Could Batman be understood as a representative of the people of Gotham, enacting justice on their behalf as their agent?  The possibility is explored in a fascinating conversation early on in The Dark Knight.  Wayne’s date, Natascha, complains about that “the kind of city that idolizes a masked vigilante.”  Dent replies, “Gotham’s proud of an ordinary man standing up for what’s right,” to which Natascha answers, “Gotham needs heroes like you—elected officials, not a man who thinks he’s above the law.”  Wayne interjects, agreeing, “Exactly.  Who appointed the Batman.”  Harvey’s answer is intriguing: “We did.  All of us who stood by and let scum take control of our city.”  In other words, the abdication of the duly appointed authorities from executing the justice with which they have been tasked has left a void, in which the community’s agency devolves upon a private citizen of their own recognition.  To Natascha’s complaint that such an appointment is an abandonment of the procedures of democracy, Harvey answers, “When their enemies were at the gate, the Romans would suspend democracy and appoint one man to protect the city.  It wasn’t considered an honor.  It was considered public service.”  Rachel objects, “And the last man they asked to protect the republic was named Caesar.  He never gave up that power.”  Harvey concedes, “Well, I guess you either die a hero or you live long enough to see yourself become the villain.  Look, whoever the Batman is, he doesn’t want to spend the rest of his life doing this.  How could he?  Batman’s looking for someone to take up his mantle.”  

This conversation is enormously important for the film on a number of levels.  We have a dark hint of Harvey’s willingness to resort to suspend the ordinary rule of law in pursuit of justice, by which he ceases to be the hero and becomes the villain—though at the end, Batman quotes this line about himself, having taken Harvey’s villainy upon himself.  But although this prospect of an extraordinarily appointed public representative has a dark side, it is not rejected entirely; Nolan dangles the possibility before us throughout the trilogy.  If the role is to be legitimate, however, he must be a genuine agent of the city, filling a genuine void in which representative government has failed and the city is in dire need, and he must be ready to resign the role once the need is met.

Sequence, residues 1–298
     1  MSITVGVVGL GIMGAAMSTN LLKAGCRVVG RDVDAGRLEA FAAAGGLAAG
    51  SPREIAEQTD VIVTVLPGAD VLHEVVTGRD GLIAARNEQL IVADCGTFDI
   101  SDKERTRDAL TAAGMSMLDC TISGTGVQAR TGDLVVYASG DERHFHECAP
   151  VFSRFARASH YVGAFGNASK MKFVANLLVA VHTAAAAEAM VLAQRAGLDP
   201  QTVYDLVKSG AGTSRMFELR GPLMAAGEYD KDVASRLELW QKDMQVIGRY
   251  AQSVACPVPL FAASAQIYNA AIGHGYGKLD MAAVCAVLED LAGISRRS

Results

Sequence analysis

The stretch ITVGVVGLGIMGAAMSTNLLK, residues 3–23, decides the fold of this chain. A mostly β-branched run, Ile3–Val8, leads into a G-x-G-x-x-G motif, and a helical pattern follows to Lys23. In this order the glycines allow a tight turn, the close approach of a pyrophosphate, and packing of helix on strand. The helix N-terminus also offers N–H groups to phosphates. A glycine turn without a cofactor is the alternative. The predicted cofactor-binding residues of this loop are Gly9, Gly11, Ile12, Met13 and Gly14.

This, in short, leads us right to the narrative of The Dark Knight Rises.  


However, we must pause before examining this film, for the first two films suggest an additional reason why Batman cannot be a genuine political agent.  And that is because Gotham must first be a genuine polis.  If he is to act as the representative of “the people,” they must first be a people, and not merely a mass of individuals.  This is yet another theme with which Nolan appears to be absorbed throughout the trilogy.  Although Gotham City is ostensibly a city within the United States (a fictional New York City), it functions symbolically as its own political unit; the outside world plays almost no part until The Dark Knight Rises, and then it is only introduced in order to display its irrelevance and impotence, and refocus attention more sharply on the political identity of Gotham itself.  Throughout, however, this focus serves to draw attention to the fact that Gotham fails miserably to be a political unit.  A contrast with the film Spider-Man is instructive here.  When the Green Goblin attacks Spider-Man, an ordinary citizen yells, “You mess with one of us, you mess with all of us!” and the crowd around him cheers.  This is clearly the opposite of Gotham.  Not only do they turn on Batman rather than rallying behind him when threatened, but more fundamentally, they do not constitute a community in the first place that could meaningfully adopt Batman as one of them.